If the objectives could not be achieved with 150,000 troops, how can they do it now through Operation Resolute Support with 13,500 troops — more than half of them American soldiers who stay at the rear? Can another 3,000 make a difference? J. William Fulbright in his book The Arrogance of Power says, “There is a kind of voodoo about American foreign policy. Certain drums have to be beaten regularly to ward off evil spirits.”
The Russians stayed in Afghanistan for nine years and lost 15,000 soldiers. They had to leave and left behind a surrogate government which also succumbed after three years. This is no good lesson for the US as it was Russia’s experience. The total fatalities of the US in the last 16 years have been over 2,200 — the vast majority of soldiers killed in action.
The US wants peace no doubt, but on its own terms: total surrender.
True, they have paid more in treasure and less in blood. But the loss in treasure they can sustain. It has made little dent in their economy.
The pain of waging wars around the Muslim world has not yet reached the common American man. Afghanistan is a good ground to try newly produced or not yet tested ordnance like the ‘Mother of all Bombs’ dropped in April. Has it made any difference to the resolve of the Afghan Taliban?
The US wants peace no doubt, but on its own terms, despite the fact that its war machine has not brought it anywhere near the objective. The objective is to establish itself in Afghanistan and lord over the region. It routinely blames Pakistan for its troubles and repeats the catchphrase ‘to do more’.
It is said that the path to peace in Afghanistan is through Islamabad. Sadly, we consider this as measure of our importance in regional and international affairs. Pakistan may be involved in the Afghan imbroglio as much as India is, but the US never said that the path to peace starts from New Delhi and goes through Islamabad.
The US troubles are not going to end even if India and Pakistan both disinvest in Afghanistan. The US needs to be told loud and clear that the responsibility for peace in that country squarely rests on its shoulders. This is quite apparent. Osama bin Laden is dead; the Taliban have declared that they will never host anyone who is a threat to any other country; they have also declared that they will come to the table if the US announces that its forces will leave the country. As a nation it is their inalienable right to demand that.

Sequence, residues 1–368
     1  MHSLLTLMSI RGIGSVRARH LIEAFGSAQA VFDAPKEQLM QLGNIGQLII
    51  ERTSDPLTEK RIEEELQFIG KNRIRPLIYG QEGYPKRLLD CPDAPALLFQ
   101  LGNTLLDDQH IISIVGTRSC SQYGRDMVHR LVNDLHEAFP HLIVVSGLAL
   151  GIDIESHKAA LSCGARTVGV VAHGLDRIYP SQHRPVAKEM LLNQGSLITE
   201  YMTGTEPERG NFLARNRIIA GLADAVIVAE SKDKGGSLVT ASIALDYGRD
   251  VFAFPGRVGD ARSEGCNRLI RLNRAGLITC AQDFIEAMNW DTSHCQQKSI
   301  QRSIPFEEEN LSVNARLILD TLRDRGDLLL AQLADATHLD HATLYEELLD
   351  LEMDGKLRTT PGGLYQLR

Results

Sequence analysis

The American problem stems from optimism, and not its ‘pragmatism’. War is politics by other means. The end is to achieve a lasting peace. America in any war wants total surrender.
That is the behaviour they displayed in the Second World War. After the Casablanca Conference in 1943, President Roosevelt demanded “unconditional surrender” by Hitler in his press conference after the moot.
Unconditional surrender was not discussed during the moot. According to historians, it was a costly mistake. This gave the Nazi propagandists their best arguments for last-ditch resistance. It made the underground German resistance against Hitler very weak. The war could have ended with less bloodshed.
Similar behaviour was displayed in the Pacific theatre. The use of the atomic bomb against a
prostrate and defeated Japan in the closing days of the war was completely unnecessary. Japan was totally surrounded and blockaded. Its surrender was a matter of time and it had already made its intention known to discuss peace.
But America had one goal and one alone: total surrender, no conditions asked. In every negotiations after the war there has to be conditions.
In Afghanistan too there have to be negotiations and conditions to end the war. The aim should be that the end of war should lead to lasting peace.
A reflection from a prison cell by the German general Kliest ought to be emblazoned above every doorway in GHQs around the world,
“The general mistake was to think that military success would solve political problems. Indeed under the Nazis we tended to reverse Clauseweitz’s dictum and to regard peace as continuation of war.”
"For peace" by A. Rauf K. Khattak, The writer is a former civil servant and former minister.
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